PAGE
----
- Personal Development -

Connecting the Dots

Over the three years that I’ve been editing this magazine, I’ve been developing my own little mental image of how this whole health and fitness thing works.

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Talking with a friend over dinner a few months ago, I wound up sketching it out on a cocktail napkin.

“See,” I said, drawing the first dot with my fine-tip Sharpie, “we start out over here wanting to get healthier physically — to lose weight, or get in shape or whatever. Maybe we start working out and eating more veggies, and that helps. But then we run into some roadblocks, and we figure out that we can’t really make this new approach work long term without examining certain aspects of our lives: Where are we going to find the time to exercise more and eat better? How are we going to change our habits and automatic reactions and make this new stuff a priority? How are we going to identify and overcome our obstacles, and so on.”

My companion nodded energetically. “Right,” he said. “Been there. Done that.”

“Okay, so that takes us to this other little dot of personal development,” I say, drawing a curved line and punctuating it with another dot. “This is where we start doing some exploration into what makes us tick. This is the place where a lot of people figure out the whole body-mind-spirit connection and start seeing how their belief systems and unconscious assumptions can either support or undermine their conscious goals. This is where we start sorting out that unless we’re living our priorities and values, we probably aren’t going to get too far with our goals, and even if we do, they’re not going to bring us a lot of pleasure.”

I look up to see if my pal is tracking. “Totally,” he says, “like when you decide you are going to start working out three times a week but then your job goes nuts or you just don’t feel like going to the gym, so you end up blowing it off and then you feel really crappy about yourself. Or you manage to lose 10 pounds but it doesn’t seem to make much difference in how you feel.”

“Bingo,” I say. “That’s your wake-up call that different parts of you are operating according to different priorities and at different levels of awareness. So you start looking at what really matters to you, and you start asking how you can live in closer accord with your highest choices and convictions — your whole sense of purpose and integrity.”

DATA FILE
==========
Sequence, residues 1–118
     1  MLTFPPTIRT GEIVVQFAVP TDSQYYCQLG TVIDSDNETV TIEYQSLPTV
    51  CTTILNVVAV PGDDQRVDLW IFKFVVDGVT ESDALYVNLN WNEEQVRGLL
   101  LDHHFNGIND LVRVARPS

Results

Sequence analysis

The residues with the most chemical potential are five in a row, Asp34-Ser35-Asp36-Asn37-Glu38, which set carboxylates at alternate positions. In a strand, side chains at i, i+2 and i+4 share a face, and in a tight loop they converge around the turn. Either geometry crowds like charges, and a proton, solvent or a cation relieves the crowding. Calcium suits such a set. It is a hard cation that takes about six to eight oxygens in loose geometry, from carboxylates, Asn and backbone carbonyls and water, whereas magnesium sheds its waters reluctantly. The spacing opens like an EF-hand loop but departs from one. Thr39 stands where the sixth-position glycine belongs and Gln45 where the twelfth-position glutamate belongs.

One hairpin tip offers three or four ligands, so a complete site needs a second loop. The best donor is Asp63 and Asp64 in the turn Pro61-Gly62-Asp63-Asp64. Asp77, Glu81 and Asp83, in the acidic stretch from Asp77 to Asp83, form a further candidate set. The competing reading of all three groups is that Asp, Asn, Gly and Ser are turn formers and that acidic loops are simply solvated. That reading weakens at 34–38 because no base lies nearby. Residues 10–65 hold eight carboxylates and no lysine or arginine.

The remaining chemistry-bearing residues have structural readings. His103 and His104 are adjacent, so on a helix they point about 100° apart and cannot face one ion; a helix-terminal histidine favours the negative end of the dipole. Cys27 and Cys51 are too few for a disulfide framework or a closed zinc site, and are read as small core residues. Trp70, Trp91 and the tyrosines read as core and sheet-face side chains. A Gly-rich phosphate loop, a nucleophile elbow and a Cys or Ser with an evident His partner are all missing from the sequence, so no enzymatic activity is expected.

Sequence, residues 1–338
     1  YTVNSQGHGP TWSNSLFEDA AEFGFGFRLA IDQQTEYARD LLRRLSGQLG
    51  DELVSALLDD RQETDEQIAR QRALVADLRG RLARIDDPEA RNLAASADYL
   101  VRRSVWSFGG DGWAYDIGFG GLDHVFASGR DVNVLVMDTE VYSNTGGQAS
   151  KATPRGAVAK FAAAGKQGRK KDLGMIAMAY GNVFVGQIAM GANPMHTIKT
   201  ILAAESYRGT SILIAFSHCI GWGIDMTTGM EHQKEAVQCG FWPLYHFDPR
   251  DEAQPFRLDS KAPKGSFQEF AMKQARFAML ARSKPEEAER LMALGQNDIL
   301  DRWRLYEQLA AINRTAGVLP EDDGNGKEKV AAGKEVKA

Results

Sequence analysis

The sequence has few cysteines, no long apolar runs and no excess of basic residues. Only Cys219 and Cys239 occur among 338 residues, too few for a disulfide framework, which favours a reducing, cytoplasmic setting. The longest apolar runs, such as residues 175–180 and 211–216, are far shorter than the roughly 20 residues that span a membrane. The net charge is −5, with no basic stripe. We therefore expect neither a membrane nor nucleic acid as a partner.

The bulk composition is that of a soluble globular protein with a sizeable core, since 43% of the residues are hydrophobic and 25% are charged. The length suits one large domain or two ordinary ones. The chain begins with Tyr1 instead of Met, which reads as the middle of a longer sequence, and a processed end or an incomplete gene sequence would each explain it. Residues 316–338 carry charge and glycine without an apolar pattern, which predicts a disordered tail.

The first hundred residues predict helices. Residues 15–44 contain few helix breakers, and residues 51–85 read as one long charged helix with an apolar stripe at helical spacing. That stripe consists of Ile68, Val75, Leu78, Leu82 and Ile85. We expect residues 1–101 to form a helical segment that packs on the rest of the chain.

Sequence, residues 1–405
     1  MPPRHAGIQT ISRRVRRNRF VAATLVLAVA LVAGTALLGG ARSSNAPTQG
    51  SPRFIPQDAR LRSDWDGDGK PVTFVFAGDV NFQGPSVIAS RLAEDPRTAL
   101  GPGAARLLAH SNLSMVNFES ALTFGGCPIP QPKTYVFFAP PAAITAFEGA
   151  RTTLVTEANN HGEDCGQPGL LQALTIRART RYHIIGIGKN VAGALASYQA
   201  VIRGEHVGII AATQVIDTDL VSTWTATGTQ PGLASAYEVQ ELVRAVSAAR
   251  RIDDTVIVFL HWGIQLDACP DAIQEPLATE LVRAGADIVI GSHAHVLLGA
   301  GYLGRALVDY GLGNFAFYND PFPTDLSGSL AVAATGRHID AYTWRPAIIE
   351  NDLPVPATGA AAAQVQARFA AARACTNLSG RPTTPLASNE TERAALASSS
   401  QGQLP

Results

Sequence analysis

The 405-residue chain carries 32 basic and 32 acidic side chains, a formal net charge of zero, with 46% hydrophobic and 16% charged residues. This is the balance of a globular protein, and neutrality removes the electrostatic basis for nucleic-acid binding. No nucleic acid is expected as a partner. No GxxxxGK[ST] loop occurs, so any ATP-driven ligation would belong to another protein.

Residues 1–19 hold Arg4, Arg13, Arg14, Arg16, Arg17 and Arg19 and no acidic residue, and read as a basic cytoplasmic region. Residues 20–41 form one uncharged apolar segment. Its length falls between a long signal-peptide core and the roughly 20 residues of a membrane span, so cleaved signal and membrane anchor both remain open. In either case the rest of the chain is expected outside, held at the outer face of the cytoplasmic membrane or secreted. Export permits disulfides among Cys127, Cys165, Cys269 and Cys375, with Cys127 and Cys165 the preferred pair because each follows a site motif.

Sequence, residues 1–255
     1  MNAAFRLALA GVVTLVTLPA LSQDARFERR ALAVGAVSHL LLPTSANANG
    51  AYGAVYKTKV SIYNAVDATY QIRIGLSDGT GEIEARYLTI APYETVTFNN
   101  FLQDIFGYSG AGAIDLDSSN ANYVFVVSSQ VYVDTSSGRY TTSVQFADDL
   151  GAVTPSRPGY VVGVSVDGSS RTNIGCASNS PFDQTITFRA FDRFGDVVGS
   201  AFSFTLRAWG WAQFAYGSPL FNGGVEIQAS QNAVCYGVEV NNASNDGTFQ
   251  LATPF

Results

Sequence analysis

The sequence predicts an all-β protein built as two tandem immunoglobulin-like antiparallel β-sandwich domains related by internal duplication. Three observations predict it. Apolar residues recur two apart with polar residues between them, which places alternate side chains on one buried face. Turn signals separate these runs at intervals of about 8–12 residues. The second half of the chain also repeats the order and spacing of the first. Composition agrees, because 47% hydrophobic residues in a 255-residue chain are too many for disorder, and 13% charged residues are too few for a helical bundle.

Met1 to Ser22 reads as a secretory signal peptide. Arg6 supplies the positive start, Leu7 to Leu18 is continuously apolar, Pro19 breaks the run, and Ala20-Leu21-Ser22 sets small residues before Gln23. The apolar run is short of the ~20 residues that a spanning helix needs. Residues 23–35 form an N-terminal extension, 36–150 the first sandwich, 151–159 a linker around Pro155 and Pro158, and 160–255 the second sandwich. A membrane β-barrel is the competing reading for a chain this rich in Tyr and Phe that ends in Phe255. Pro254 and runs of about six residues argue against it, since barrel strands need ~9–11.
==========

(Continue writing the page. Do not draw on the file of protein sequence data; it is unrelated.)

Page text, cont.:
My friend is still nodding. “Gotcha,” he says. “So now I’m looking beyond my body and into how I want to live and be.”

“Yup,” I say, drawing another curving line and another dot, “and also at how your life choices fit into a bigger picture. This takes you to Dot 3, which I call ‘sustainability.’ This is a whole web of internal and external concerns that either support or undermine the choices we made at Dot 1 and Dot 2. Basically, the question of sustainability puts our personal choices in a broader, longer-view context. It asks: Energetically, economically and ecologically, do the choices I’ve made work for the long haul? Can I afford to keep on living this way; can my community and planet continue to support this way of living? This is where you might get interested in concepts like simplicity, environmental impact and social justice.

“Of course,” I note, ”you have to be in a solid, healthy enough place before you can even begin thinking all this stuff, which is why Dot 1 and Dot 2 are so important. But once you see that connection, it’s also evident that Dot 3 feeds right back into Dot 1: A sustainable lifestyle — priorities that are consistent with your values, that help you live within your means, that work to sustain the health of your community and your planet — all these things make it easier to get and stay healthy, right?”

“I never thought of it that way before,” my friend says. “But yes, that makes perfect sense. Neat! Can I keep this napkin?”

“Sure,” I say. “But since you get the magazine, you’ll be getting most of this info in January anyway. In fact, those three dots and that circle pretty much describe the territory Experience Life is going to be covering this year.”

So that’s the sneak preview for 2005! Watch for our “Healthy Work” issue in March and our “Green” issue in April. We’ll be covering “Focus/Clarity” in May, “Good Stress/Bad Stress” in June. Stay tuned to find out about the rest of 2005! In the meantime…

Pilar Gerasimo is the founding editor of Experience Life.

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